What Is Apple’s Response to Microsoft’s ChatGPT?
The “AI arms race” is on, as ChatGPT puts Microsoft and Alphabet at the center of a battle for dominance in web search. Will Apple respond and, if so, how?
- Microsoft has launched an assault on Alphabet’s dominance in online search with its investment in OpenAI’s ChatGPT. Google’s parent company is fighting back.
- Seemingly removed from this artificial intelligence battle is Apple. Should Apple stock (AAPL) – Get Free Reportinvestors expect developments on the AI front coming from Cupertino?
- We discuss why Apple, a dominant force in the tech space, seems to be far from the spotlight in this case.
(Read more from the Apple Maven:Apple vs. Microsoft vs. Amazon: Which Tech Stock Is The Best Value?)
MSFT vs. GOOG: The AI Arms Race Is On
This week in tech has been all about artificial intelligence.
On Tuesday, Microsoft (MSFT) – Get Free Reportinvited analysts to share their ideas around AI. The Redmond-based company is about to integrate ChatGPT, an artificial intelligence-based chatbot whose developer received a $10 billion investment from Microsoft, into the search engine Bing and web browser Edge.
Generative AI refers to a type of artificial intelligence that creates new content or data, rather than just recognizing and categorizing existing data. It does this by learning patterns and relationships in existing data and using that knowledge to generate new, similar examples.
For instance, a generative AI model could be trained on a dataset of images and then generate new, unique images that resemble the ones it was trained on.
Fun fact: the two paragraphs above were written by OpenAI’s ChatGPT in response to my question: “can you explain in simple terms what Generative AI is?”
Wedbush analyst Dan Ives shared his thoughts on the recent developments via a research note sent to the Apple Maven:
“Bing, which will now be powered by a new next-generation language model GPT3.5, will provide better search results [and] answer complex user questions. […] We believe that this strategic investment […] will massively boost the cloud stalwart to a robust position in the battle for AI demand as Microsoft’s cards are now on the table and the AI strategy picking up significant traction.”
The move is a bold attempt by CEO Satya Nadella & Co. at stealing a chunk of Alphabet‘s (GOOG) – Get Free Reportcore advertising business, which generated $61 billion in revenues in 2022 across search, YouTube, and Google Network.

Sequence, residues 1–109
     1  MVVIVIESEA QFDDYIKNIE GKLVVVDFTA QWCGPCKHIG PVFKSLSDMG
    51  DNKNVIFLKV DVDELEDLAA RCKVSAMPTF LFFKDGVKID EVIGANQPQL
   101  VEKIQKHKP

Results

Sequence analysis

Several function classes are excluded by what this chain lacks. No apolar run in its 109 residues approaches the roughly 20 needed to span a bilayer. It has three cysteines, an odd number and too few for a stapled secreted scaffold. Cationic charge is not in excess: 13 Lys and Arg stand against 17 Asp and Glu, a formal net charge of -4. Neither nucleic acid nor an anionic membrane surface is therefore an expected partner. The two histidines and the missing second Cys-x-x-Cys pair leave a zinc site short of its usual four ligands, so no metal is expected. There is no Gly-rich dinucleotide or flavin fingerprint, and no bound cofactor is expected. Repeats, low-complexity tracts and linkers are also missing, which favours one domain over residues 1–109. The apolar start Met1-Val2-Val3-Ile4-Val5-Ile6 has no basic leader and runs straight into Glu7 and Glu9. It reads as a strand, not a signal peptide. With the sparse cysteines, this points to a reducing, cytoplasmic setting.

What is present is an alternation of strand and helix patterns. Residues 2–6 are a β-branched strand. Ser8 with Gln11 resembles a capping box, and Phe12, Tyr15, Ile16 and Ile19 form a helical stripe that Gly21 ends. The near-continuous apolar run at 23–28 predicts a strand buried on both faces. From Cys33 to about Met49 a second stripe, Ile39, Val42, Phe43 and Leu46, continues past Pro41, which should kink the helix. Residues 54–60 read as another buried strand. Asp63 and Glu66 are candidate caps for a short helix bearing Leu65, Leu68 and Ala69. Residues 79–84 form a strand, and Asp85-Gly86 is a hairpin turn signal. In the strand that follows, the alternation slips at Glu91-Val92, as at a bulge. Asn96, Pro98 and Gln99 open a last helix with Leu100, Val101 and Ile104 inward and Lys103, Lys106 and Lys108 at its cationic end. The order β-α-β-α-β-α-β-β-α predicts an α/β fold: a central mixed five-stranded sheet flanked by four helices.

Alphabet, of course, is not willing to sit and watch Microsoft do its thing. On Wednesday, February 8, the Mountain View-based company announced several initiatives centered around AI, including the MUM-powered multisearch feature and LaMBDA-powered Bard AI.
What’s at stake? Alphabet is by far the leader in search and web browsing, as depicted below. Microsoft’s challenge probably explains why its stock has risen 4% so far this week ($80 billion in market cap gain), while GOOG stock has sunk 6% ($80 billion in market cap loss).
What Will Apple Do Next?
Following the back-and-forth between Microsoft and Alphabet, not much could be heard from Apple about AI. This does not mean, however, that Tim Cook and his team are asleep at the wheel, as the Cupertino company is set to host an employee-only event about the subject.
Apple is clearly knee-deep in the development of AI applications for the products and services that it markets. Despite the company having announced a hiring freeze recently, Apple currently has 342 jobs open in AI-related fields like deep learning and natural language processing.
There is a difference, however, in how Apple is likely to use artificial intelligence technology compared to the strategies deployed by Microsoft and Alphabet, which so far have centered around search and browsing (and, to a large extent, cloud services).
The Cupertino company will probably continue to find AI applications for its own products, software, and services. This is already evident in features like facial recognition, introduced with the iPhone X in 2017, and improvements in voice and speech recognition (ie, Siri).
The next steps will likely come with the launch of (1) mixed reality products and applications, with a device expected to be unveiled this year, and (2) autonomous vehicle technology. AAPL investors, therefore, might need to be patient and wait to hear from the mothership about its own AI initiatives later in 2023 and beyond.
For now, Apple is not at the center of the conversation because it is not a serious competitor in web search, the hot topic of the week. Rather than having its own in-house solutions, Apple collects from Alphabet for making Google the default search engine on its devices.
But rest assured: AI is only ramping up, and Cupertino is likely to be a key player in this arena.
Of the mega-cap tech companies, who do you think will be recognized as the big winner in (or key beneficiary of) artificial intelligence a few years down the road? Feel free to comment and explain your answer.
(Disclaimers: this is not investment advice. The author may be long one or more stocks mentioned in this report. Also, the article may contain affiliate links. These partnerships do not influence editorial content. Thanks for supporting the Apple Maven)
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